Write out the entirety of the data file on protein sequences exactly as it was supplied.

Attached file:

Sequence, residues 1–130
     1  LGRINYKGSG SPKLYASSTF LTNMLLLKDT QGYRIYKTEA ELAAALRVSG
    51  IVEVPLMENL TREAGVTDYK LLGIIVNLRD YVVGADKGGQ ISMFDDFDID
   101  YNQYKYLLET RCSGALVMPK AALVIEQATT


Sequence, residues 1–130
     1  LGRINYKGSG SPKLYASSTF LTNMLLLKDT QGYRIYKTEA ELAAALRVSG
    51  IVEVPLMENL TREAGVTDYK LLGIIVNLRD YVVGADKGGQ ISMFDDFDID
   101  YNQYKYLLET RCSGALVMPK AALVIEQATT